State of the Climate report – the world is already 1.1°C warmer
In a report by by the UN’s World Meteorological Organization (WMO) it shows 2019 was the second warmest year in the instrumental record. 2015-2019 are the five warmest years on record, and 2010-2019 the warmest decade on record. Since the 1980s, each successive decade has been warmer than any preceding decade since 1850.
2019 ended with a global average temperature of 1.1°C above estimated pre-industrial levels, second only to the record set in 2016, when a very strong El Niño event contributed to an increased global mean temperature atop the overall warming trend.
For Australia, the reports says Australia finished 2019 where it started: with extreme heat. The 2018-2019 summer was the hottest on record, as was December. Australia’s hottest area-averaged day on record (41.9°C) was on 18 December. Australia’s seven hottest days on record, and nine of the ten hottest, occurred in 2019. Despite the severe and prolonged fire season in Australia, daily total wildfire CO2 emissions generally followed the 2003-2018 average.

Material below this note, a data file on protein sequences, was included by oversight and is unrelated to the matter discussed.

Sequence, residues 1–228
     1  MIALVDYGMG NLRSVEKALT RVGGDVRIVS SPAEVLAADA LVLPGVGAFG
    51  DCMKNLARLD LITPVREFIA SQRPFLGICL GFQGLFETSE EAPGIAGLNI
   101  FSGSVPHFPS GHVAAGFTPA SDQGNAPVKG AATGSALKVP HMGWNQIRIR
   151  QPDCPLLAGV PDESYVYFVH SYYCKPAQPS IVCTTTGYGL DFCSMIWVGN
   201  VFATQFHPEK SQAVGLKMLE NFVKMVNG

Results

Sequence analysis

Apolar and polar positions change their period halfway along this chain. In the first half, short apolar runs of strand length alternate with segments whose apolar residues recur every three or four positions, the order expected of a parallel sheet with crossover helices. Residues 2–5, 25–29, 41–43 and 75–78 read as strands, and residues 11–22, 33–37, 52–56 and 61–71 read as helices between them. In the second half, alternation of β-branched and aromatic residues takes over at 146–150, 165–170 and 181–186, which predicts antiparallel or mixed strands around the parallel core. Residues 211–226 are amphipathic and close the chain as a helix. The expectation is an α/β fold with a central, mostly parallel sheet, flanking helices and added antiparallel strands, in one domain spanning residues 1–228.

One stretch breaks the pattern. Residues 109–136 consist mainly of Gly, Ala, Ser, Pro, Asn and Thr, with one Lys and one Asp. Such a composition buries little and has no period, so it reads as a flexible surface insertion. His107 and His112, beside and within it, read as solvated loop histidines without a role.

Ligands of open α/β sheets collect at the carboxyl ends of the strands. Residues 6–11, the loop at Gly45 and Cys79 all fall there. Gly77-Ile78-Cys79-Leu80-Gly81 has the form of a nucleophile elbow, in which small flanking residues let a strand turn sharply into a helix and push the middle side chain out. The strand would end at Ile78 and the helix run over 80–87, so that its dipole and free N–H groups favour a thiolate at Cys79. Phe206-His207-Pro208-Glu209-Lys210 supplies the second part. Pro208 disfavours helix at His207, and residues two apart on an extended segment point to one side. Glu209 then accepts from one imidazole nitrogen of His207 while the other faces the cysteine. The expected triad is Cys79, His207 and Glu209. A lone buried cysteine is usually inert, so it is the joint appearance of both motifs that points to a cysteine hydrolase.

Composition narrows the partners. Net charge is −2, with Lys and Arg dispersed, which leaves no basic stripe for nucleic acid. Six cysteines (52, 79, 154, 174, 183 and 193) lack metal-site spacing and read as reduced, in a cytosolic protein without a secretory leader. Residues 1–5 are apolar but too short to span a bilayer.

United Nations Secretary-General Antonio Guterres says “We are currently way off track to meeting either the 1.5°C or 2°C targets that the Paris Agreement calls for,” said in a foreword.
“This report outlines the latest science and illustrates the urgency for far-reaching climate action. It brings together data from across the fields of climate science and lists the potential future impacts of climate change – from health and economic consequences to decreased food security and increased displacement,” he said.
“Given that greenhouse gas levels continue to increase, the warming will continue. A recent decadal forecast indicates that a new annual global temperature record is likely in the next five years. It is a matter of time,” said WMO Secretary-General Taalas.
“We just had the warmest January on record. Winter was unseasonably mild in many parts of the northern hemisphere. Smoke and pollutants from damaging fires in Australia circumnavigated the globe, causing a spike in CO2 emissions. Reported record temperatures in Antarctica were accompanied by large-scale ice melt and the fracturing of a glacier which will have repercussions for sea level rise,” said Mr Taalas.
“Temperature is one indicator of ongoing climate change. Changes in the global distribution of rainfall have had a major impact on several countries. Sea levels are rising at an increasing pace, largely due to the thermal expansion of sea water as well as melting of the largest glaciers, like in Greenland and Antarctica. This is exposing coastal areas and islands to a greater risk of flooding and the submersion of low-lying areas,” said Mr Taalas.
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